In its panoramic scope Huge Conditions also recalls myths of the ‘American West’, a theme which recurs throughout Ruscha’s Word Paintings and across his oeuvre more broadly. In 2016, the de Young Museum in San Francisco addressed this directly with the exhibition Ed Ruscha and the Great American West, while in 2005 Ruscha had himself tackled the question of American mythmaking in his presentation for La Biennale di Venezia. Responding to 19th century American landscape painter and founder of the Hudson River School Thomas Cole’s pastoral cycle The Course of Empire, Ruscha presented a series of works charting the changing landscape of Los Angeles and of shifting attitudes to ideas of ‘progress’ through the 20th century.


    Andreas Gursky, The Rhine II, 1999, Tate, London. Image: © Tate, Artwork: © Courtesy Monika Sprueth Galerie, Koeln / VG Bild-Kunst, Bonn and DACS, London 2022

    The narratives surrounding the American expansion ‘out west’ are echoed in Rucha’s own, much mythologised artistic beginnings. Born in Nebraska in 1937, Ruscha passed his childhood in Oklahoma before leaving at the age of 18, driving a 1950 Ford Sedan all the way to Los Angeles where he enrolled at Chouinard Art Institute and eventually began work as a commercial sign-painter. Retracing the steps of generations of Americans heading west to make their fortune, Ruscha absorbed the wide-open landscape, punctuated here and there by the billboards and gas stations – symbols of American aspiration and expansion that would go on to become such prominent features of his work. Echoing the ‘horizontal landscapes, flatlands, the landscape I grew up in’, Huge Conditions captures the sense of optimism and vastness of the unknown that faced those early pioneers, and even perhaps the young Ruscha himself.iii



    Collector's Digest

    •    Based in Los Angeles, Ed Ruscha’s career spans over 50 years across a variety of mediums and has become representative of a highly distinctive brand of American idealism.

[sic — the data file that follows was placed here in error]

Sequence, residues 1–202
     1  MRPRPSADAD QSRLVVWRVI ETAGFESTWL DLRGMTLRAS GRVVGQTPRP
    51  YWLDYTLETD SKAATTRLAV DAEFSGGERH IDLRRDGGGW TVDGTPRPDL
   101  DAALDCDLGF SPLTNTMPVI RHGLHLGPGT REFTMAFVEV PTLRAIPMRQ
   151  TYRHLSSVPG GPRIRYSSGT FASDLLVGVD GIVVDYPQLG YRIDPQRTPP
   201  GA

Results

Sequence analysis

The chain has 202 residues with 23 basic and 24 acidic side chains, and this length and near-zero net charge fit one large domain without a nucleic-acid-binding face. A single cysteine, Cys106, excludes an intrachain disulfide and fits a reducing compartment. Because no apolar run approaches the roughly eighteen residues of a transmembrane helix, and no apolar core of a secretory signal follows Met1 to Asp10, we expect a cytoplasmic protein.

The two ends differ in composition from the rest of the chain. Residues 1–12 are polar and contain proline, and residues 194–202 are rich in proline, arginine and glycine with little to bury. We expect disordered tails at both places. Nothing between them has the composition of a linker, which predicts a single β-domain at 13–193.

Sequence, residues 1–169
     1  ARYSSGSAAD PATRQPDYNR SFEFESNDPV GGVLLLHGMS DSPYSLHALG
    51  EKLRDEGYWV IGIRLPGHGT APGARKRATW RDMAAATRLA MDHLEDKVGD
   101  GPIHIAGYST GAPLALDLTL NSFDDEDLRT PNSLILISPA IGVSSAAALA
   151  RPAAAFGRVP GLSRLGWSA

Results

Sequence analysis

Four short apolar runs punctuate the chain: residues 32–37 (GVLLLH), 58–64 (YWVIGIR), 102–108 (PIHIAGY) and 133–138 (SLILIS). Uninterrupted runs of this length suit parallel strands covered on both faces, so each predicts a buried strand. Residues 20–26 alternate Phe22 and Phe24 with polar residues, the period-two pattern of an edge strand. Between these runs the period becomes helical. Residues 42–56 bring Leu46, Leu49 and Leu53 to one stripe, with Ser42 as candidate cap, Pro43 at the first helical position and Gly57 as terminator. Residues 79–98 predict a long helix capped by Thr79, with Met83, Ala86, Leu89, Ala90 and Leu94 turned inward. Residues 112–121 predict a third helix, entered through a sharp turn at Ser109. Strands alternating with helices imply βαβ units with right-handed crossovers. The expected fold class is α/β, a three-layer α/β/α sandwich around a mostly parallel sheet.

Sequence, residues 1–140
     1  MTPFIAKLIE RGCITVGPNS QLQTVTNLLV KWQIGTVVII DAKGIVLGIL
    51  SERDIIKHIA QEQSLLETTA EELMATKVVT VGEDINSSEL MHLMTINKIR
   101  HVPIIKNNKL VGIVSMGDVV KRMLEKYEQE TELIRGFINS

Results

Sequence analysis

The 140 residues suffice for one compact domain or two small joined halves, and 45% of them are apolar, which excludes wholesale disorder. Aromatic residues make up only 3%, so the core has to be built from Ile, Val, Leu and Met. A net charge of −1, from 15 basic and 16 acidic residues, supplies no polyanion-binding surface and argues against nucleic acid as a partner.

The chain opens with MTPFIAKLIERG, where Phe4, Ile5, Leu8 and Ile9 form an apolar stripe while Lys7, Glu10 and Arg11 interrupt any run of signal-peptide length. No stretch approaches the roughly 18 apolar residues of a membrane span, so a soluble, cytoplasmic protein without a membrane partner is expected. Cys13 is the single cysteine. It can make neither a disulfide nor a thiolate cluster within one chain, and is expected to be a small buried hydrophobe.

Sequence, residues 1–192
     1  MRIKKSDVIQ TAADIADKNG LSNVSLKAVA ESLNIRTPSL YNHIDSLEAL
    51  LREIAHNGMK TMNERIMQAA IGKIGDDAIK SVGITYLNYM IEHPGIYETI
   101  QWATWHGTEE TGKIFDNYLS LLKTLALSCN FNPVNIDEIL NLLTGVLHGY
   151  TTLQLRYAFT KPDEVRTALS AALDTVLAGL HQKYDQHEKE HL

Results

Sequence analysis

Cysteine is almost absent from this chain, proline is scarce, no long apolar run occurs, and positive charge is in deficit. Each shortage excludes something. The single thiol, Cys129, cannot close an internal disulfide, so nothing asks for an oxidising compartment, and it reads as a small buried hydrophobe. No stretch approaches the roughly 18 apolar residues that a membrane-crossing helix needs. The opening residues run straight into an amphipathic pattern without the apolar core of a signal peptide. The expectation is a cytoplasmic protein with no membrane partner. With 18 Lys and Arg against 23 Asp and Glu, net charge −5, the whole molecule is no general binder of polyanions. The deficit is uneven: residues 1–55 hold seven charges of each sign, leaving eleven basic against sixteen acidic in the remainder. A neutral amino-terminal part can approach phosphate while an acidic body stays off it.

•    Since his first solo show at Ferus Gallery in 1963, Ruscha has exhibited globally, with notable solo shows at the Los Angeles County Museum of Art, the Art Institute of Chicago, and the Moderna Museet in Stockholm.


    •    Undoubtably one of America’s best known and widely respected artist, Ed Ruscha’s work blends elements of advertising, graphic design, and fine art, most accurately captured in his highly celebrated Word Paintings.


    Ed Ruscha, ‘The Tension of Words and Images’, Tate Shorts, Ed Ruscha explains why he is drawn to words and how he uses stencils and backgrounds


    i Ed Ruscha, quoted in Kristine McKenna, ‘Ed Ruscha in Conversation with Kristine McKenna’, Ed Ruscha: Fifty Years of Painting (exh. cat.), Hayward Gallery, London, 2009, p. 58. 
    ii Sterling Ruby, Interview Magazine, 20 August 2016, online
    iii Christopher Bollen, ‘Ed Ruscha’, Interview Magazine, 20 August 2016, online.

    • Provenance

      Gagosian Gallery, New York
      Acquired from the above by the present owner

    • Literature

      Robert Dean, Edward Ruscha. Catalogue Raisonné of the Paintings. Volume Seven: 2004-2011, New York, 2016, no. P2007.10, pp. 198, 598 (illustrated, p. 199)

    • Artist Biography

      Ed Ruscha

      American • 1937

      Quintessentially American, Ed Ruscha is an L.A.-based artist whose art, like California itself, is both geographically rooted and a metaphor for an American state of mind. Ruscha is a deft creator of photography, film, painting, drawing, prints and artist books, whose works are simultaneously unexpected and familiar, both ironic and sincere.

      His most iconic works are at turns poetic and deadpan, epigrammatic text with nods to advertising copy, juxtaposed with imagery that is either cinematic and sublime or seemingly wry documentary. Whether the subject is his iconic Standard Gas Station or the Hollywood Sign, a parking lot or highway, his works are a distillation of American idealism, echoing the expansive Western landscape and optimism unique to postwar America.

      View More Works


Huge Conditions

signed, titled and dated '''HUGE CONDITIONS'' Ed Ruscha 2007' on the reverse; signed, titled and dated 'ED RUSCHA ''HUGE CONDITIONS'' 2007' on the stretcher
acrylic on canvas
91.4 x 121.9 cm (36 x 48 in.)
Painted in 2007.

Full Cataloguing

£1,100,000 - 1,500,000 

Sold for £1,232,500

Contact Specialist

Rosanna Widén
Senior Specialist, Head of Evening Sale
+ 44 20 7318 4060

Olivia Thornton
Head of 20th Century & Contemporary Art, Europe
+ 44 20 7318 4099

20th Century & Contemporary Art Evening Sale

London Auction 3 March 2022